So, the solution is: build vacuum tube calculators!


#14

No, build a few high-end stereo amplifiers from vacuum tubes and sell them at high prices.

For the calculators use red led's and silicon chips and sell those at high prices. Sell them factory new.

#15

Actually, why not?


And why not a wooden keyboard and chassis, with mother of pearl keys?


I was at a maritine music festival this weekend and my young son was so happy to see really good musicians playing his favorite instruments: the accordion and the concertina. We took a close look at some of them and they were really beautiful works of art--and of course the "feel" of the keys is really important, especially as the musician will play her instrument for many hours at a time.

A real calculator *afficiando* will also use his calculator incessantly--and so, the expense, beauty, and feel of a honduran mahogany calculator with ivory-inlaid ironwood keys and vacuum tube circuitry, RED LED's and genuine African Alligator skin case are well justified.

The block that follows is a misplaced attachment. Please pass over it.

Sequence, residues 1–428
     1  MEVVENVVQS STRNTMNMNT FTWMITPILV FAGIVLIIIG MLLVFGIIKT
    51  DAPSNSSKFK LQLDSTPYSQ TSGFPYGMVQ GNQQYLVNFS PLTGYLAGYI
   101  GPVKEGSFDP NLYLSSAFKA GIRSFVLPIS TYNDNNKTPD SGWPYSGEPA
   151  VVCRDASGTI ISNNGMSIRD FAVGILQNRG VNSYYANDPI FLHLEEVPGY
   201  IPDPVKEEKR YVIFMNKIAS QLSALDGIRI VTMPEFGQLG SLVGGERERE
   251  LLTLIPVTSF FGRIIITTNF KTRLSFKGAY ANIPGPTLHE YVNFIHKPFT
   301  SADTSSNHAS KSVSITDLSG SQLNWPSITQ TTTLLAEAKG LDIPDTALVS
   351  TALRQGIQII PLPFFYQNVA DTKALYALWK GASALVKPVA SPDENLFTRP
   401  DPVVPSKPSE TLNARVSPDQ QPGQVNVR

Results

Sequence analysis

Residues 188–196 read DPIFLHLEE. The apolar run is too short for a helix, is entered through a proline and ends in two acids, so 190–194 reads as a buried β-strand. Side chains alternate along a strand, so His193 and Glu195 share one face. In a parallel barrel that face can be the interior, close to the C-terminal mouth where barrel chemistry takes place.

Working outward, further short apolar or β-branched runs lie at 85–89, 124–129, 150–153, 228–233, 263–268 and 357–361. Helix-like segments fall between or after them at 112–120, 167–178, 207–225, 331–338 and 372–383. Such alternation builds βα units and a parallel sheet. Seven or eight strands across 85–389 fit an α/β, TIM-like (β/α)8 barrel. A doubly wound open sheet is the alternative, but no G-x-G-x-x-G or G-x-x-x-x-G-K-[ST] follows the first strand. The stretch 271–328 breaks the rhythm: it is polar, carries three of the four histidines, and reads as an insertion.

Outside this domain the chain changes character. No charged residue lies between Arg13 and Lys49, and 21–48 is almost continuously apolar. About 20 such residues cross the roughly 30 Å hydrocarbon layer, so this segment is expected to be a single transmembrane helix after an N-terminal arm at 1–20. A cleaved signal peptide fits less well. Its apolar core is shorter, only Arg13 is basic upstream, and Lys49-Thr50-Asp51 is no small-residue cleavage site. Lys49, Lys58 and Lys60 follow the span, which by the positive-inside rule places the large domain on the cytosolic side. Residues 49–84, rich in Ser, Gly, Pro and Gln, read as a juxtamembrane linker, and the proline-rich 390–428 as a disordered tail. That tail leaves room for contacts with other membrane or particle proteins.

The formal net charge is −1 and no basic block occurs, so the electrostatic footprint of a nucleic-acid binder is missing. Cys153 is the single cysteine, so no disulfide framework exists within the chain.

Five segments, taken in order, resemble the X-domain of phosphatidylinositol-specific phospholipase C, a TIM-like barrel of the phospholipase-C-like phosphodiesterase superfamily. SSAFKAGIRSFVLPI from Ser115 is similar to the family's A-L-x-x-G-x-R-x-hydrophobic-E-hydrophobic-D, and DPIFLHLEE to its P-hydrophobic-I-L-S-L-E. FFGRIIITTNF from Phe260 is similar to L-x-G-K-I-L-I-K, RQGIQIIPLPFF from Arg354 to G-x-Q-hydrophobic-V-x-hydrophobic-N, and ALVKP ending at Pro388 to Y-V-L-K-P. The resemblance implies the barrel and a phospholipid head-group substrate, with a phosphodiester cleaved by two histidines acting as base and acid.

#16

U forgot the solid gold feet,

each one shaped like a little pointy pyramid, to cut down on material resonances.

#17

I have a friend who is a silversmith/goldsmith/jeweler/artisan par excellence. She has made several gold/silver/jeweled cases for various (very famous) hoity toity rich types palm pilots/cell phones/laptops/blackberrys. You too can have a $1500 Vaio in a $100,000 case. Last I heard, waiting list was 5+ years.


#18

You are certaily not joking, as truth is stranger than fiction!


#19

Nope, I'm quite serious. Once you come up on the waiting list you need to choose what current technology you want customized... by then your Vaio will be at the Goodwill for $20. You want diamonds, rubys, emeralds, pearls, etc on your platinum cased techno toy... no problemo... just send money... and LOTS of it.